Who has your back?
Who has your back?
Kyle wrote a note to our friend, Darryl Rose, who happens to be president and founder of Get Dwell. He wanted “big wood” so he could build a table. I was thinking Darryl would drop off some scrap wood from his home remodeling & repair business, like he’s done in the past, and Kyle would get to work with a hammer & nails and bang something together.
What happened instead? Darryl & Paul Koenig, furniture conservator and creator, drew plans for a mortise & tenon table using handmade pegs instead of screws. Then they invited Kyle to the Winnetka Get Dwell shop to build it himself!
The big wood turned out to be this beautiful table top, made from reclaimed wood.
Thanks, Get Dwell, Paul & Darryl, for this amazing experience.
If you’d like to contact Paul for furniture conservation and restoration, gold leaf repair or custom furniture, you can reach him at 847-772-2720.
Get Dwell & Darryl Rose can be found here.
What do you think Kyle’s going to be for Halloween this year? I’ll give you a hint… it has to do with a tool belt & a Get Dwell t-shirt.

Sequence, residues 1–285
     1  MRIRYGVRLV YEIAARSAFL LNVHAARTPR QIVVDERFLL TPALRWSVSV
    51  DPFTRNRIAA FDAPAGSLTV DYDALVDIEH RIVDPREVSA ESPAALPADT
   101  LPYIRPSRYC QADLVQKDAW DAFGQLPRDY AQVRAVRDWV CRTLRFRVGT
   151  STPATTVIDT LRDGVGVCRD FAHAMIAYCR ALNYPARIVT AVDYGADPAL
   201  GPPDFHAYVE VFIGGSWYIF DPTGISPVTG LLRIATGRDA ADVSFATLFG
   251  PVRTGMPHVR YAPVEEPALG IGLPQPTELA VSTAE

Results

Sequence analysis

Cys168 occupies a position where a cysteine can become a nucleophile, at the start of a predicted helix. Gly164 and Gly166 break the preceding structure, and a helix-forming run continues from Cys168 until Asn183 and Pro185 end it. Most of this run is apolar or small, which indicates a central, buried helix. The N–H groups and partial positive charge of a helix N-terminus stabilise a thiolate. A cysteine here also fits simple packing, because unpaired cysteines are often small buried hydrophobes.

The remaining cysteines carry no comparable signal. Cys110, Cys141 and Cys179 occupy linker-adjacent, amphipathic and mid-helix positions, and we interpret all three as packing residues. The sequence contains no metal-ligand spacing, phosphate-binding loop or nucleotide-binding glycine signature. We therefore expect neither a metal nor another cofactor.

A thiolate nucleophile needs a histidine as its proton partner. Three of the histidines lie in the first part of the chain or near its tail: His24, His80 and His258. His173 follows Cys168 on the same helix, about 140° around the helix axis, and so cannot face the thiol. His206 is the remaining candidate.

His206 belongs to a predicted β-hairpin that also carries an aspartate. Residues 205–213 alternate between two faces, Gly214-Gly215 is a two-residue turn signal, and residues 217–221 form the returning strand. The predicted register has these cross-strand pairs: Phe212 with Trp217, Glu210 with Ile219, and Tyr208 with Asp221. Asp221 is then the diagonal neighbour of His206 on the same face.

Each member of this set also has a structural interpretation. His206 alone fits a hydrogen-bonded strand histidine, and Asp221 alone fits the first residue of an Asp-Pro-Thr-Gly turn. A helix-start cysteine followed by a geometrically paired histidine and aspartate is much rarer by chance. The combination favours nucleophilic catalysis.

This is my new favorite commercial. Hope you like it, too.
Yay, Derrick Coleman!
How can an inpatient hospital visit be fun?
Stop on by a pediatric unit and you will find the most charming, funny, hopeful, beautiful, smart, resourceful, kind people you’ll ever be lucky to know. That would be the kids in treatment and the people taking care of them.
Rehabilitation Institute of Chicago-
We love you! Kyle spent 2 weeks there this summer after hamstring release surgery & although there were hours every day of hard, intensive therapy he also had a lot of fun making friends, trying new contraptions, playing with the amazing nurses, doctors and therapists.
A special shout out to Frankie and his family for being the best roommates imaginable, keeping us laughing and in Ding Dongs the whole time.
Georgia- the Wonder Dog!
What? A workout on a trampoline that really counts as a workout? Sky High Sports provides just that. I tried the Niles Sky High Sports AIRobics class today and it was a blast.
Can’t tell you how much fun a cardio workout is on a trampoline. Unlike a regular class, where you’re packed in like sardines & given dirty looks by the regulars, there’s plenty of room to spread out at a Sky High workout. Everyone looks silly, is grinning with abandon & sweating like mad- there’s no way even a newbie will stand out.
Of course, in addition to the AIRobics classes, Sky High offers birthday parties, dodgeball, special times for the under 6 crowd, and lots of free jumping times.